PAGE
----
The Fruit of the Spirit: A Children’s Bible Lesson
By Kimberly Perkins
“But the fruit of the Spirit is love, joy, peace, patience, kindness, goodness, faithfulness, gentleness, self-control; against such things there is no law.”
Have you ever wondered why the fruit of the Spirit is singular instead of plural? With a list of nine different qualities, shouldn’t they be the “fruits of the Spirit?” I recently read a book by Christopher J. H. Wright entitled Cultivating the Fruit of the Spirit. Wright describes the fruit of the Spirit, not as a bunch of grapes but as an orange. An orange has different slices that together make one fruit. If one slice of the orange is missing, it is no longer whole. It needs all the slices to make it one whole orange. The fruit of the Spirit is not a bunch of different qualities but, instead, one character package. We cannot pick and choose which qualities we as Christians would like to have, as we would pick an appetizer or entrée off a menu. We need the Spirit of God to produce all these qualities in us. The fruit all work together and strengthen each other.
The first slice of our orange is love. In John 13:35, Christ says that we will be known as His disciples if we love one another. Showing and acting out love will be the evidence to prove that we are Christians. If we are having a difficult time loving someone, we should ask God to fill us with His divine love because “God is love.” (I John 4:8) He acted out this love by allowing His only Son to die for you and me. As a mother, I cannot imagine allowing one of my sons to die for anyone! Yet, God loved me so much He that did just that. His great love is a model of what love should look like in our own lives.
Our next slice is joy. This joy is not the same as happiness. Happiness is more often associated with something material. Joy, however, is much deeper. Joy is knowing who we are in Christ; knowing that, no matter the circumstances, we have hope for the future. In our busy lives, sometimes our joy is hard to find. I started writing a list of things I can do to find my joy when I don’t necessarily feel joyful. One of those things is to eat with and fellowship with my friends, family, and co-workers. It may seem like such a small thing but how many times in Scripture do we see Christ sit and eat with his disciples?
Have you ever experienced the “peace of God, which surpasses all comprehension…?” (Philippians 4:7) I can still remember the many times God has calmed my heart and spirit during some very difficult times. His peace washed over me and it truly was beyond understanding. This peace does not give in to anxieties. It is a gift to us from Christ. John 14:27 says, “Peace I leave with you; My peace I give to you.” Anxiety and worry are not a gift from Christ, yet we will take them over the gift of peace that Christ does give us.
Patience is a slice of our orange that operates like oil in an engine. Without the oil, friction would cause an explosion. Without patience in our lives, we would have no peace. Patience is forgiving, loving, and putting up with others even when we don’t think it is deserved. “Be patient, bearing with one another in love.” (Ephesians 4:2)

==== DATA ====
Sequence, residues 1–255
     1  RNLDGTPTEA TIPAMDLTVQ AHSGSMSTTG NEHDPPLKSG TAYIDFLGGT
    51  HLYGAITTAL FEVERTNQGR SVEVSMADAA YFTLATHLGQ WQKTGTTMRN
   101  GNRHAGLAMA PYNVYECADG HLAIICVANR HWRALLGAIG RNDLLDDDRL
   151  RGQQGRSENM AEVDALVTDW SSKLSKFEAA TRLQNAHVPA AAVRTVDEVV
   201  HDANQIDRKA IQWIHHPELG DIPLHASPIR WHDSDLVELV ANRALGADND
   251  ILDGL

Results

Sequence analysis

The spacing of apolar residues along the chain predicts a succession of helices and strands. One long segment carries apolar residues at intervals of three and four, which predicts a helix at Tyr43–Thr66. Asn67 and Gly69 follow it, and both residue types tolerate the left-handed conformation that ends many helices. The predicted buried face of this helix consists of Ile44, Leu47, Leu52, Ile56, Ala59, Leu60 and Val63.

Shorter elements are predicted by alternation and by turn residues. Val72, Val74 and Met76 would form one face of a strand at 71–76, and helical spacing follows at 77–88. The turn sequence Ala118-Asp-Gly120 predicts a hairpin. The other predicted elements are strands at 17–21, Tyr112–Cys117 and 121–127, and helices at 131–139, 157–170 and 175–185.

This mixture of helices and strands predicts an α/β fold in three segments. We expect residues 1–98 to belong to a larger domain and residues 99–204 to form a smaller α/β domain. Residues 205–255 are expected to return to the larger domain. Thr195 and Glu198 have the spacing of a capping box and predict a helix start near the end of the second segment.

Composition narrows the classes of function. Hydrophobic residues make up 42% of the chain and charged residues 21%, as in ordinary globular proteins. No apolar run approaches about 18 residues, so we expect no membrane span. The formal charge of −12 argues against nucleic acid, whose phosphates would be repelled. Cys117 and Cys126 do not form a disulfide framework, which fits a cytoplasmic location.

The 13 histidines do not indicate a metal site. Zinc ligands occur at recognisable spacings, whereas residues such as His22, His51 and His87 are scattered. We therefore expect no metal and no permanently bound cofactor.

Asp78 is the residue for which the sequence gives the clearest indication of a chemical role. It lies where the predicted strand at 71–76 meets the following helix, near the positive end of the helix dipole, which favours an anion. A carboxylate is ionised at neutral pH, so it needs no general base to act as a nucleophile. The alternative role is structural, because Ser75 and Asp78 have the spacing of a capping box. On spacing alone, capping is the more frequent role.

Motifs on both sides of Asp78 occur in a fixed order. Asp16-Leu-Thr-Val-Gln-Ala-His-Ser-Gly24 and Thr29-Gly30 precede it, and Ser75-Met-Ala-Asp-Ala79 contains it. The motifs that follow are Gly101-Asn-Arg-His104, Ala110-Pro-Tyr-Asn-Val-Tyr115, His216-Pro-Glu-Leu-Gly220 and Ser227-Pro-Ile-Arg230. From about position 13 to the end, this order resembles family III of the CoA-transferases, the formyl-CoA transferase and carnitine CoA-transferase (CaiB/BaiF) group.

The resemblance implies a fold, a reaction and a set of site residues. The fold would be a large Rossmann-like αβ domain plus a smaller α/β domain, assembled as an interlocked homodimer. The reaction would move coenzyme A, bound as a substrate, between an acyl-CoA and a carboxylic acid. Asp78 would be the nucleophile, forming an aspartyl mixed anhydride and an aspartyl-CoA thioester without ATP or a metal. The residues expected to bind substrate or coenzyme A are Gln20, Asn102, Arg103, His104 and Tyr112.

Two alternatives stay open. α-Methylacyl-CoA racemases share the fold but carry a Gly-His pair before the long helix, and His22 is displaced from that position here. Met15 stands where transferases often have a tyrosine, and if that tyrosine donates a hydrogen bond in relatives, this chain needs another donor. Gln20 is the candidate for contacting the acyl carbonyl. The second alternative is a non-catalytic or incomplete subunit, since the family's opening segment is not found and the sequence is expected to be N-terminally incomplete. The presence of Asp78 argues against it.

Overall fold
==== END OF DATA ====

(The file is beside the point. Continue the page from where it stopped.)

Have you ever met someone and you just knew they were a Christian? Was it their unselfish kindness to others that tipped you off? Kindness towards others is the mark of someone who genuinely loves. Kindness does not come naturally to us. It is something we will have to make a habit in our lives. Yet, when others see kindness in us they are attracted to it because it is a sign of the One who lives in us.
Goodness, described in the list of the fruit of the Spirit, comes from God alone and is only achieved by His power at work in us. There is a difference between “doing good” and “being good.” Doing the right thing even when it costs or hurts is real goodness. When we do good things, we are demonstrating the saving power of Christ in us.
“Your lovingkindness, O Lord, extends to the heavens, Your faithfulness reaches to the skies.” (Psalm 36:5) If God were not faithful, then our salvation would not be solid. Our salvation is rock solid because God has shown His faithfulness by keeping His promises. He is trustworthy and dependable. As a Christian, we are to reflect His faithfulness by being honest and people of integrity.
Gentleness is not the same as weakness. A gentle person speaks the truth but with a soft touch. “A gentle answer turns away wrath.” (Proverbs 15:1) Gentleness is like calamine lotion to poison ivy. The lotion soothes our itchy skin just as a gentle reply can soothe an aching heart. It takes a strong person to be gentle; to say what needs to be said without anger or aggression. In I Kings 19, God chose to speak to Elijah not in an earthquake, fire, or strong wind but in a gentle whisper.
Our last slice of the orange is self-control. The biggest reason to be self-controlled is to show we are choosing Christ’s way over the world’s way. It is knowing that we could give in to our temptations but, instead, we choose to use self-control.
In the Bible, we can see that God has love, joy, peace, patience, kindness, goodness, faithfulness, and gentleness. It is not surprising then that those who walk closely to Him reflect His character. These fruit are not rules but, instead, qualities of character that only the Spirit can give. They flow from Christ who dwells within Christians. And as Wright says in Cultivating the Fruit of the Spirit, “without the fruit of the Spirit, our unattractive lives cannot reflect the beauty of the gospel.”
Written by Kimberly Perkins, a missionary at CBM’s Camp Victory in Samson, AL. To learn more about the ministry of Camp Victory, click https://www.campvictoryal.org/summercamp.